For our December session, Kirk Ellis brought something truly unexpected: a spaghetti Christmas Western.
Written and directed by Duccio Tessari, (known for sword-and-sandal epics and Westerns, he reportedly co-wrote but was uncredited on Sergio Leone’s A FISTFUL OF DOLLARS), A PISTOL FOR RINGO (1965) is convoluted but stylish, comical yet violent.
The plot has a band of outlaws from Mexico cross into Texas and rob a small-town bank. The sheriff and his posse are in close pursuit. The robbers hold up in a large ranch house where the sheriff’s fiancée lives with her father. To try to find out what the bandits are up to, the sheriff convinces Ringo (Giuliano Gemma, billed as Montgomery Wood), the prisoner he has locked in his jail for killing four men, to join the desperados in the ranch house. And by the way, Ringo, who prefers milk over whiskey, shot the four men after he finished playing a game of hopscotch.
There’s much shooting and killing, sometimes brutal and callous, sometimes like theater of the absurd. And there’s dialogue, some of it pretty humorous, like when Ringo is about to take a bullet out of the wounded bandit leader’s shoulder at the ranch, he tells the bandit he used to work for a barber who was a surgeon on the side and helped him operate on twelve or thirteen horses. The bandit says, “I’m not a horse, understand!” Ringo replies, “And I’m not a doctor, so that makes us even.”
Tessari keeps Christmas evident throughout the film. It opens with two cowboys facing off on the town street, but instead of pulling their guns, they smile and wish each other Merry Christmas. People in the town are buying and decorating Christmas trees. Customers in the bank wear green and/or red items of clothing. Even at the ranch with the bandits in charge, the ranch owner’s daughter still decorates the house.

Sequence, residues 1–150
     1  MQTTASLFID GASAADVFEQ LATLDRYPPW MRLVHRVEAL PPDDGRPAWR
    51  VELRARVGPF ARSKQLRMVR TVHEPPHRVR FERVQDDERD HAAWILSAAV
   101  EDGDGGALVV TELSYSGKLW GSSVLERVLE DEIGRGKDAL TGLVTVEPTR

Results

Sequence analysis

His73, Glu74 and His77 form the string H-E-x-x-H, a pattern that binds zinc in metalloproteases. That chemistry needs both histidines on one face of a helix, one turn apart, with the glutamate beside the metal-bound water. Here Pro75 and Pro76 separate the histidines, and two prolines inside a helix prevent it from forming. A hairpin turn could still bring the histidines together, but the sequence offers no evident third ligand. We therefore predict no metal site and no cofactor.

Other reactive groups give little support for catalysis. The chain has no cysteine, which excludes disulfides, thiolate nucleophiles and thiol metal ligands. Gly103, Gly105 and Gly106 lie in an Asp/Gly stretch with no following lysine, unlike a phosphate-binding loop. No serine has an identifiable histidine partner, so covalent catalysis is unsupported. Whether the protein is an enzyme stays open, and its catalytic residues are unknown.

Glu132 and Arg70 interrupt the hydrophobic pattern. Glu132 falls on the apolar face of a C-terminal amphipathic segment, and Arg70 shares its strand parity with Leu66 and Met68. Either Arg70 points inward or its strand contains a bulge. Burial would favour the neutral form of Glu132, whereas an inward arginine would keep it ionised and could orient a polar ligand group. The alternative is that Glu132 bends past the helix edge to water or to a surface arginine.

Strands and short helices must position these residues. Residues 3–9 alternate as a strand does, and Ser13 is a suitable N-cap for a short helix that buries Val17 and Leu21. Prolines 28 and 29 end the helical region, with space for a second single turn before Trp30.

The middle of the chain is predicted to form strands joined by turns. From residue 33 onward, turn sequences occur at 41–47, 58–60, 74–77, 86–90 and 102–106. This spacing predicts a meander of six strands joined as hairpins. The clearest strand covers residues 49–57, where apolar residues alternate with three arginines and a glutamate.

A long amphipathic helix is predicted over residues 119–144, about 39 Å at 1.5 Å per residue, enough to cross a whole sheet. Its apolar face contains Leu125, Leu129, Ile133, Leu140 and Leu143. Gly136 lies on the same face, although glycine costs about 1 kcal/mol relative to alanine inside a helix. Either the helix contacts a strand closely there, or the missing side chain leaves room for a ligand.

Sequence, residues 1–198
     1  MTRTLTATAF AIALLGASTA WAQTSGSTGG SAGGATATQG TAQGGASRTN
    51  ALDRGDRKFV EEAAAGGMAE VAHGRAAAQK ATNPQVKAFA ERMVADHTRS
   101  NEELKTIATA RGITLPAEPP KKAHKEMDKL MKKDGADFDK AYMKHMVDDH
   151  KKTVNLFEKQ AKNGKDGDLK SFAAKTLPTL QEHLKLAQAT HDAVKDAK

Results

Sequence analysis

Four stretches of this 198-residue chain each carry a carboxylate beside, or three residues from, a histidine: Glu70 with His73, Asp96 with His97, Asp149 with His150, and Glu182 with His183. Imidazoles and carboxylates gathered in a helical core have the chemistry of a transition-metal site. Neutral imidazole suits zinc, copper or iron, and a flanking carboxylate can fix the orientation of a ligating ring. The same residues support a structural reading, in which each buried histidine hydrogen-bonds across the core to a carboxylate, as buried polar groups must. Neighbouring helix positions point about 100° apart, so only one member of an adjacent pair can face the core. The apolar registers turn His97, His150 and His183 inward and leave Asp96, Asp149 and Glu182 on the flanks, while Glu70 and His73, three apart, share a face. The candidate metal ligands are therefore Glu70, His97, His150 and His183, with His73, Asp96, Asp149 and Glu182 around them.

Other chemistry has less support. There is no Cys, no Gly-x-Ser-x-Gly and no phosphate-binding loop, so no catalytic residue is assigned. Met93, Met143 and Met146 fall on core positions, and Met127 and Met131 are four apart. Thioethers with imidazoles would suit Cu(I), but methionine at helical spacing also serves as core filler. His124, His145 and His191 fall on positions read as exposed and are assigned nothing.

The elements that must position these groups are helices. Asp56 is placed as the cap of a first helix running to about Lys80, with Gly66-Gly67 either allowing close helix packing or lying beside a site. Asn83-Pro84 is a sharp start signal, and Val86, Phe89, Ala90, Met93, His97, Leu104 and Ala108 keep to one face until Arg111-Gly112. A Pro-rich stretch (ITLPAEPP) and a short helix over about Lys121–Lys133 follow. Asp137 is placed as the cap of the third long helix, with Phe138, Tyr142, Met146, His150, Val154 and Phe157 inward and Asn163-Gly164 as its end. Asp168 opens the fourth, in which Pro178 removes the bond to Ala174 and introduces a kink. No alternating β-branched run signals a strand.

The music was composed by Ennio Morricone, and the film was shot on location in Almeria, Spain, where Leone shot his “Dollar Trilogy.” But while Leone’s films had a parched, bleak geography, RINGO has bursts of sharp, verdant color.
With a running time of 1 hour and 39 minutes, it is available on Blu-ray.
Along with Kirk, Emmy-winning screenwriter and producer and also author of the book RIDE LONESOME about the production, themes and historical relevance of that classic film, our group includes Johnny D. Boggs, record nine-time Spur Award-winning and Owen Wister Award winner whose work includes LONGHORNS EAST, Kirk’s wife Sheila, David Morrell, award-winning author and New York Times best-selling author of FIRST BLOOD, the novel that introduced the character Rambo, and Robert Nott, award-winning journalist and author of several books on Western films, including his most recent THE FILMS OF BUDD BOETTICHER.
Watch “A Pistol for Ringo” and leave your thoughts in the comments below!